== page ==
Ecological validity in the study of human pheromones

Tamsin K. Saxton, Anthony C. Little, S. Craig Roberts

Research output: Chapter in Book/Report/Conference proceedingConference contribution

Abstract

Several constituents of human axillary secretions have been proposed as candidate human pheromones, but their influence on human behaviour remains controversial. Here we briefly review the literature on the behavioural effects of candidate compounds, noting that inconsistencies in findings could be due in part to the variation in experimental context and potential lack of ecological validity. We also report results of a pilot study which attempts to overcome these limitations in an ecologically-valid experimental paradigm: a speed-dating event. We tested the effects of 4,16-androstadien-3-one within a single speed-dating evening with 25 female and 22 male participants. We found a significant effect of androstadienone on female judgments of male attractiveness, which is consistent with the proposal that androstadienone could act as a modulatory pheromone in humans.
Original languageEnglish
Title of host publicationChemical signals in vertebrates 11
EditorsJane L. Hurst, Robert J. Beynon, S. Craig Roberts, Tristram D. Wyatt
Place of PublicationNew York
PublisherSpringer
Pages111-120
Number of pages9
ISBN (Electronic)9780387739458
ISBN (Print)9780387739441, 9781441925398
DOIs
StatePublished - 2008
EventChemical Signals in Vertebrates - Chester, United Kingdom

Conference

ConferenceChemical Signals in Vertebrates
CountryUnited Kingdom
CityChester
Period24/07/0627/07/06

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human being
effect
candidacy
speed
validity
social attraction
pilot study
paradigm
participant
behavior
influence exertion

Cite this

Saxton, T. K., Little, A. C., & Roberts, S. C. (2008). Ecological validity in the study of human pheromones. In J. L. Hurst, R. J. Beynon, S. C. Roberts, & T. D. Wyatt (Eds.), Chemical signals in vertebrates 11 (pp. 111-120). New York: Springer. DOI: 10.1007/978-0-387-73945-8_10

Saxton, Tamsin K.; Little, Anthony C.; Roberts, S. Craig / Ecological validity in the study of human pheromones.

Chemical signals in vertebrates 11. ed. / Jane L. Hurst; Robert J. Beynon; S. Craig Roberts; Tristram D. Wyatt. New York : Springer, 2008. p. 111-120.

Research output: Chapter in Book/Report/Conference proceedingConference contribution

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Saxton, TK, Little, AC & Roberts, SC 2008, Ecological validity in the study of human pheromones. in JL Hurst, RJ Beynon, SC Roberts & TD Wyatt (eds), Chemical signals in vertebrates 11. Springer, New York, pp. 111-120, Chemical Signals in Vertebrates, Chester, United Kingdom, 24-27 July. DOI: 10.1007/978-0-387-73945-8_10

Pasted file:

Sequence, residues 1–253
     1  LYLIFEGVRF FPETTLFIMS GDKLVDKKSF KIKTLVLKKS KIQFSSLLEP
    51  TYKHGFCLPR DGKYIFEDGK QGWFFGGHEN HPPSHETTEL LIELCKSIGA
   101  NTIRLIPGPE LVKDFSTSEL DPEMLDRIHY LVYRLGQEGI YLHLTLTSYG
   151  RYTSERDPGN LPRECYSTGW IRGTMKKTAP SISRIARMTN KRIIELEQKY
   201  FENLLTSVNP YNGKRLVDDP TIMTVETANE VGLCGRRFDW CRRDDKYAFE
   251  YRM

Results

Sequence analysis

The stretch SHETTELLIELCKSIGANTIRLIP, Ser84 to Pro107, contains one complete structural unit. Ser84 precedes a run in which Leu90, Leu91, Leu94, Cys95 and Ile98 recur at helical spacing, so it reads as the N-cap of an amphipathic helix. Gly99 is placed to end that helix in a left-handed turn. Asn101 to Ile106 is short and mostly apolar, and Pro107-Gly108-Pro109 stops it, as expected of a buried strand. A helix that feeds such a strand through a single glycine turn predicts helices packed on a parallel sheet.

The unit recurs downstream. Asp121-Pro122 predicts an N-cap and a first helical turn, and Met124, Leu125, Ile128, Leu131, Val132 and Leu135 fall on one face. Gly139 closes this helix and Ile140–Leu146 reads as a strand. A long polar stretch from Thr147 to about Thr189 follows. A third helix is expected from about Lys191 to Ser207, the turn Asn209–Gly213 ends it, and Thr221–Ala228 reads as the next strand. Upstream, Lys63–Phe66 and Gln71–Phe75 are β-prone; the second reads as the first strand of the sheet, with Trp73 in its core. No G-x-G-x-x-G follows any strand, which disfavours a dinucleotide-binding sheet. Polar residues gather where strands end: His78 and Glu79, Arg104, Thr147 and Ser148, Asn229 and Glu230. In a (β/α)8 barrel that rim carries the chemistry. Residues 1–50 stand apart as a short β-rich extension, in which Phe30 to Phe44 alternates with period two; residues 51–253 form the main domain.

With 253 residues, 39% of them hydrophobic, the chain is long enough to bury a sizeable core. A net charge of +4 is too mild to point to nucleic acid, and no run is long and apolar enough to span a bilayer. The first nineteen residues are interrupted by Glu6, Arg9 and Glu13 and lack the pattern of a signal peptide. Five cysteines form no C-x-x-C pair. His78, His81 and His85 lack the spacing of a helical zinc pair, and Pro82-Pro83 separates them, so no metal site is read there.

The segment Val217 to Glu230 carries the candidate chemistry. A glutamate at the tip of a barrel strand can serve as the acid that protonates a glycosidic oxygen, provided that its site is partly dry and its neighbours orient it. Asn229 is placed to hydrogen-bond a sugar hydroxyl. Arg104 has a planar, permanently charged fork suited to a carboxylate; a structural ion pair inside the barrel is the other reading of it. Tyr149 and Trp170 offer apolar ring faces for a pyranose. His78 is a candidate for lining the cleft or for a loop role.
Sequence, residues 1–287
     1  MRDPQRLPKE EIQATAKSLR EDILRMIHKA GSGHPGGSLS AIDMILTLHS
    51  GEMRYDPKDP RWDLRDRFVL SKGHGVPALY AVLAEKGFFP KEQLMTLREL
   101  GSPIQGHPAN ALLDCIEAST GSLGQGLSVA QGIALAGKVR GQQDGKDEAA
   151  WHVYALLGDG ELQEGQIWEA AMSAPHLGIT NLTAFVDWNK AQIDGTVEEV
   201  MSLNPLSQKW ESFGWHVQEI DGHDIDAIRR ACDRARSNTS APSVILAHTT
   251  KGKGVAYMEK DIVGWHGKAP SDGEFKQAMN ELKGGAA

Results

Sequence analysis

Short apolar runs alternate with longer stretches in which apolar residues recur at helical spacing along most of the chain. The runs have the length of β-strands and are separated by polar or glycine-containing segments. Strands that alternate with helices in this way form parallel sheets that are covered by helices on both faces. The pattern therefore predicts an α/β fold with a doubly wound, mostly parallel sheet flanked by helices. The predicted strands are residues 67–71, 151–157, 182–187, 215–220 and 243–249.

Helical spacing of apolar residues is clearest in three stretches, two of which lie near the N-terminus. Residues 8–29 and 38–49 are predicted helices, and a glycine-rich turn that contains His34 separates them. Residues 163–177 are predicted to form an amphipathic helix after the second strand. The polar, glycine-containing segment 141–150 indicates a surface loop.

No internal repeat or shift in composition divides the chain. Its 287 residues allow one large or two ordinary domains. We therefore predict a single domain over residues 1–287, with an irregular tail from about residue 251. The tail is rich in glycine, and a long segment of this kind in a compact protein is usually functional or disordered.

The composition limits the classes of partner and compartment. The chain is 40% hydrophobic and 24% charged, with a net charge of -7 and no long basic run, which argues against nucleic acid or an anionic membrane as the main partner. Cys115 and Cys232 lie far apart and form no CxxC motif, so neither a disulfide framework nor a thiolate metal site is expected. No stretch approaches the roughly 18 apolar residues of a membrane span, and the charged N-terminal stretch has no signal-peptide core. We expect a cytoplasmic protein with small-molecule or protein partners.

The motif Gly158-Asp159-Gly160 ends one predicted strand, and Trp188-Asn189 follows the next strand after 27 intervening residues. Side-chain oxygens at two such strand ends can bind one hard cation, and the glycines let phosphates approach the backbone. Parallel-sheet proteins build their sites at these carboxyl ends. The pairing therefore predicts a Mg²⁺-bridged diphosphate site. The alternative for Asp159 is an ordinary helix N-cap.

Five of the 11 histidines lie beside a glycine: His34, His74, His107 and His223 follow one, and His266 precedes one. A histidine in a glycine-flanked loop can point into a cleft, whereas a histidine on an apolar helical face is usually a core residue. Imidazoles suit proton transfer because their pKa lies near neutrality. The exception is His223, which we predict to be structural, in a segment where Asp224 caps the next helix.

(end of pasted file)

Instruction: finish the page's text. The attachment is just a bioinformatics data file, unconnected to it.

Ecological validity in the study of human pheromones. / Saxton, Tamsin K.; Little, Anthony C.; Roberts, S. Craig.

Chemical signals in vertebrates 11. ed. / Jane L. Hurst; Robert J. Beynon; S. Craig Roberts; Tristram D. Wyatt. New York : Springer, 2008. p. 111-120.

Research output: Chapter in Book/Report/Conference proceedingConference contribution

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AB - Several constituents of human axillary secretions have been proposed as candidate human pheromones, but their influence on human behaviour remains controversial. Here we briefly review the literature on the behavioural effects of candidate compounds, noting that inconsistencies in findings could be due in part to the variation in experimental context and potential lack of ecological validity. We also report results of a pilot study which attempts to overcome these limitations in an ecologically-valid experimental paradigm: a speed-dating event. We tested the effects of 4,16-androstadien-3-one within a single speed-dating evening with 25 female and 22 male participants. We found a significant effect of androstadienone on female judgments of male attractiveness, which is consistent with the proposal that androstadienone could act as a modulatory pheromone in humans.

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Saxton TK, Little AC, Roberts SC. Ecological validity in the study of human pheromones. In Hurst JL, Beynon RJ, Roberts SC, Wyatt TD, editors, Chemical signals in vertebrates 11. New York: Springer. 2008. p. 111-120. Available from, DOI: 10.1007/978-0-387-73945-8_10